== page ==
An Evolution of Love
Life and Love with Frontotemporal Dementia
Bob passed away on April 7, 2006, from Frontotemporal Dementia (FTD) at the age of 50. He struggled mightily with this illness and we struggled with him, gaining an even greater respect for this fine man, as he slowly succumbed to a progressive and irreversible form of dementia.
This book captures the memory and character of “Old Bob”—the Bob we knew before the onset of an illness that robbed him of his talents and capabilities.
It also shows the ways in which we learned to cope with and appreciate the “New Bob”—the Bob we cared for and lived with through the course of the illness.
It is said that everyone brightens a room, some by entering, and some by leaving. Bob was one of those who always brightened a room by entering.
Friend and Best Man
Bob was a gentle man and a gentleman who always had a smile. He was always there to help or listen and was someone who made you feel comfortable.
Friend of the Family
He had a huge heart and a pure soul. You could tell by looking in his eyes. I will always remember him. He touched my heart. He was an intelligent person. His intelligence showed through his disease. God definitely broke the mold when He put Bob on this earth.
Former Concierge, Sunrise at Floral Vale
I remember Bob fondly. Paricularly his attachment to you, Marie. I remember him stating he was going to comply with everything you suggested 'because I love you'. Those were his words. Quite a statement and motivation in the middle of his devastating illness. He was a kind person and he was loved and loved you.
Ronny E. Antelo, M.D.
Frontotemporal Dementia (FTD): An Overview
To understand Bob’s struggle, one first must understand the nature of his illness—Frontotemporal Dementia (FTD). This form of dementia (there are approximately 55 different types) typically strikes adults at a relatively early age. Patients do not usually experience memory loss in the early stages, as do Alzheimer’s patients. Over the first few years, they are able to maintain language and visual perception capabilities.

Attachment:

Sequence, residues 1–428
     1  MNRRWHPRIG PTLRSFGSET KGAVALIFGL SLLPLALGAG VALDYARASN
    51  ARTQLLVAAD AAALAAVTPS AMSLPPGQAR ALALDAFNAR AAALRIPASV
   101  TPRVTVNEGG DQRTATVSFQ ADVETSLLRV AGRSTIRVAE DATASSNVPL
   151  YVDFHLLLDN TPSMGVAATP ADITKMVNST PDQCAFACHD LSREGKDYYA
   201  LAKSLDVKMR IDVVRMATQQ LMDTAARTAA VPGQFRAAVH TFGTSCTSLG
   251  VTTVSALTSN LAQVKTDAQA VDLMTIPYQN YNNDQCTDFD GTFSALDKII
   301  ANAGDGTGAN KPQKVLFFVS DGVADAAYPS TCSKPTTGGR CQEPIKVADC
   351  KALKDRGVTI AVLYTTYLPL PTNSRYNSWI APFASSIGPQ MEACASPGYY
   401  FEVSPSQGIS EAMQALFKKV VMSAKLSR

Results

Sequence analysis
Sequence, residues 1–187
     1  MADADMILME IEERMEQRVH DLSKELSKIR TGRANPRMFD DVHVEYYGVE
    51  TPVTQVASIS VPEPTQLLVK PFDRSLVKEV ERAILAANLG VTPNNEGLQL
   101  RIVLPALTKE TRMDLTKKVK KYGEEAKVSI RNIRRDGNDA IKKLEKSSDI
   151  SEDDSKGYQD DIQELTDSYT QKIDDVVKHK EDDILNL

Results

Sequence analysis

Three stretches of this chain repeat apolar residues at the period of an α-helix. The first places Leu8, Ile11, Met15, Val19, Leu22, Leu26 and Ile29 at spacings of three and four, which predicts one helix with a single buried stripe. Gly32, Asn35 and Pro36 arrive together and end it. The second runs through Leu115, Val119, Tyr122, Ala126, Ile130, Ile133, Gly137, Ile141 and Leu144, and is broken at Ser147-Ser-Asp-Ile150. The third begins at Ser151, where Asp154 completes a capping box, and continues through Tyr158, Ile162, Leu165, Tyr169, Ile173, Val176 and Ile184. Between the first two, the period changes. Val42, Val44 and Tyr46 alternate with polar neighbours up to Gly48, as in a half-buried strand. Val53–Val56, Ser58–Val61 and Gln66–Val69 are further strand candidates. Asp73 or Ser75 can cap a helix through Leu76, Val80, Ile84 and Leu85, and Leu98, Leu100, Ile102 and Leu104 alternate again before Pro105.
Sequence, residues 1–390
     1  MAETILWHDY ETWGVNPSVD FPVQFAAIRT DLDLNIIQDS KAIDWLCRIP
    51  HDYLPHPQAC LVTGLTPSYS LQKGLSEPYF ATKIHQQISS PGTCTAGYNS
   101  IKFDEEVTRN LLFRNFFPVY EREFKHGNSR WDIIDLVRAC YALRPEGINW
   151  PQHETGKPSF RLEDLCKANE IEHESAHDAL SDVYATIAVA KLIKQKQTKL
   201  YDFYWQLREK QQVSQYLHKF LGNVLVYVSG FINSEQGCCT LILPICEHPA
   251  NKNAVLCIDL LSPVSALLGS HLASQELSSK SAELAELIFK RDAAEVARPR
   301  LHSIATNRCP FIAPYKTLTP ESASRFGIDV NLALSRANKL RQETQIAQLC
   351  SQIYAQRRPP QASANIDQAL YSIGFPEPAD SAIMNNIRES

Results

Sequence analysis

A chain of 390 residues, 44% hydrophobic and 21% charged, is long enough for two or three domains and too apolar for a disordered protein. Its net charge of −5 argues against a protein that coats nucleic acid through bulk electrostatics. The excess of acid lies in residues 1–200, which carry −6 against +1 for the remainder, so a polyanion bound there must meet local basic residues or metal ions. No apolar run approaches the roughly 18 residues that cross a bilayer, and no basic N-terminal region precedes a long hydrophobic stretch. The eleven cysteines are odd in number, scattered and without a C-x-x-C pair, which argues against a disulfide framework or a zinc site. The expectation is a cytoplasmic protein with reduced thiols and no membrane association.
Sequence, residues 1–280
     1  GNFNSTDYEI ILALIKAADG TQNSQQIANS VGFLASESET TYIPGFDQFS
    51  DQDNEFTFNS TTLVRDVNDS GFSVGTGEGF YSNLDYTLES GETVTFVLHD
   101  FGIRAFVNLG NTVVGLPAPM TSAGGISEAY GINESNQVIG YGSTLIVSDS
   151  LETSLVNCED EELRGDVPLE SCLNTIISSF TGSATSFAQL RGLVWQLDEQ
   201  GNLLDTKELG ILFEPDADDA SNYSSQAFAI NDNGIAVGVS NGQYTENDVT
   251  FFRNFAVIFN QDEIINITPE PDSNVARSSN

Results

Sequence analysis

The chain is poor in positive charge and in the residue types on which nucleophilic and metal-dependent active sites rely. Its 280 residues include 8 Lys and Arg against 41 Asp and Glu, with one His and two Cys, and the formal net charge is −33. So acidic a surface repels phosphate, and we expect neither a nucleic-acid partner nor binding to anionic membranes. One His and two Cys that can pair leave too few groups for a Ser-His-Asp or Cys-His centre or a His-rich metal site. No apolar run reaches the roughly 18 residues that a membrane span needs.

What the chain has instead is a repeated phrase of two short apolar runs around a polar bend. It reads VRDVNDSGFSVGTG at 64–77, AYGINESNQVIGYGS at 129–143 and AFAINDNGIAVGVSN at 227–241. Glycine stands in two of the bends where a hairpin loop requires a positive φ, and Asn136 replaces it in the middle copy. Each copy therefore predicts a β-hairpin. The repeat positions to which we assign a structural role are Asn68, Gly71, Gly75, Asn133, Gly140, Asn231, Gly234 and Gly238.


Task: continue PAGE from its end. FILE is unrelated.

Ultimately, however, they fall victim to changes in personality. They lose social skills and reasoning powers. Motivation and concentration abilities wane, and individuals stop relating (socially and emotionally) in usual ways. Since brain degeneration is not widespread in this early stage, afflicted individuals generally retain memory function. The disease, however, begins to attack brain areas that control reasoning, judgment and the ability to take initiative.
FTD poses special psychological, social, family, and financial problems. Issues that frequently differ in nature from those associated with Alzheimer’s type dementia. FTD strikes relatively early in life, often at a time when an individual is dealing with career challenges and family demands. Many afflicted individuals have not approached retirement age, and the impairment can seriously jeopardize the family’s financial position and overall security.